Holecek and Groh: “Kathmandu is Worse than Baruntse”

Marek Holecek and Radoslav Groh have reappeared in Kathmandu, which they describe as “much worse than Baruntse”. After nine days on the wall, three of them trapped at 7,000m in a major storm and four days without food, they have lost a third of their body weight. But not their sense of humor.

“The whole climb was nothing compared to returning to Kathmandu,” said Holecek.

After assuring that he is perfectly fine, he jokes that surviving Kathmandu is more of a lottery than their recent precarious bivouac. First, he had to pay a compulsory visit to the city’s international hospital. “It is a procedural matter from which it is impossible to escape.”

Holecek, about to start trouble at the hospital by refusing to take “1,000 pills”. Photo: Marek Holecek


“They took my blood three times, so they bled me regularly,” he went on. “Then they X-rayed me and then concluded that I needed oxygen urgently. In the end I got about 1,000 different pills. I could have become a drug dealer right then.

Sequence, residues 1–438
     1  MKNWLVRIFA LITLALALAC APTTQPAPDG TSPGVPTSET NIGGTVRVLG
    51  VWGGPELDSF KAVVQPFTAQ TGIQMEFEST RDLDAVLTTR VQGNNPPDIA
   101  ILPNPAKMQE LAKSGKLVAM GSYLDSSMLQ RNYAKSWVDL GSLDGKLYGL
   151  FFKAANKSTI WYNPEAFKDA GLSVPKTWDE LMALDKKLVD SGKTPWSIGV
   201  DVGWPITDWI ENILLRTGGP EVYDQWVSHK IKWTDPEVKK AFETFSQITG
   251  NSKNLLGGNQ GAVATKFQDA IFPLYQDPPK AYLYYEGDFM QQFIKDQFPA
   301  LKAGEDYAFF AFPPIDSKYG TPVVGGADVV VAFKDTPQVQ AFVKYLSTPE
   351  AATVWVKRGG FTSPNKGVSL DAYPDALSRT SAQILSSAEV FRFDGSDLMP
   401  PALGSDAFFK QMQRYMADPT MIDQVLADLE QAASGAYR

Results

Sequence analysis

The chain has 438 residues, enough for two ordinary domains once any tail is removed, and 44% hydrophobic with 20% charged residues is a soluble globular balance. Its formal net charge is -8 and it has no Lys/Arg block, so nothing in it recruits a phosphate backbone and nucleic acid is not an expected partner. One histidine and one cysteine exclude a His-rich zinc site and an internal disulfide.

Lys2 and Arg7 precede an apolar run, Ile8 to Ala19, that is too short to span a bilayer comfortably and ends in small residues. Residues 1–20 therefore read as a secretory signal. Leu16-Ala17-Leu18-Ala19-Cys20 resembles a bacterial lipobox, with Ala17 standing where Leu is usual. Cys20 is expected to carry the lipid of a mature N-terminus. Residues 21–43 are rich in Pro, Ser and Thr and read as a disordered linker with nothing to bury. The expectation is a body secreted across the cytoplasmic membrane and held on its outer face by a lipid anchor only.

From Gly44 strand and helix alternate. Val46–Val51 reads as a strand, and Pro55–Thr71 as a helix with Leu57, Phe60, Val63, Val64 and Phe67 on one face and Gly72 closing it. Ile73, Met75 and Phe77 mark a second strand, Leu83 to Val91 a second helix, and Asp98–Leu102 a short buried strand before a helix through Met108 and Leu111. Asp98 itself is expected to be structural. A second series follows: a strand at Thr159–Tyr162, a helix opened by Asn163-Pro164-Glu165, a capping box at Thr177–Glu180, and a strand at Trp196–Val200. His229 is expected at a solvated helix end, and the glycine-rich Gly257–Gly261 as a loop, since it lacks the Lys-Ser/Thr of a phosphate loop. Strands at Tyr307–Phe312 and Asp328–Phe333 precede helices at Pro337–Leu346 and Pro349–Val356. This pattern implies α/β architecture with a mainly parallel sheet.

“When I refused to eat the pills…they came to the conclusion that I was not normal and that I would surely die. I took the risk anyway, and an ambulance took me through the deserted city back to my hotel.”

No wonder the Czech climber’s state and attitude shocked the doctors at the CIWEK hospital (servicing foreigners in Nepal). After attending to hundreds of Everest climbers with COVID, AMS, and further ailments, they surely didn’t expect a man who had survived such an ordeal to refuse treatment.

But then, Holecek and Groh are made of sterner stuff. They never asked for rescue during the days they spent in the blizzard at 7,000m. They just waited patiently and hungrily in their soaking sleeping bags and tiny bivouac tent until Cyclone Yaas passed by.

Back in civilization, their climb’s worldwide impact has surprised them. They have not yet shared details or a route map, but they did reveal the name of their new line: Heavenly Trap.

“The only thing that bothers us is that no planes are flying home yet,” Holecek said. “We’ll probably have to walk.”

He might be joking — or not.

More clowning around, perhaps giddy with relief at being alive. Photo: Marek Holecek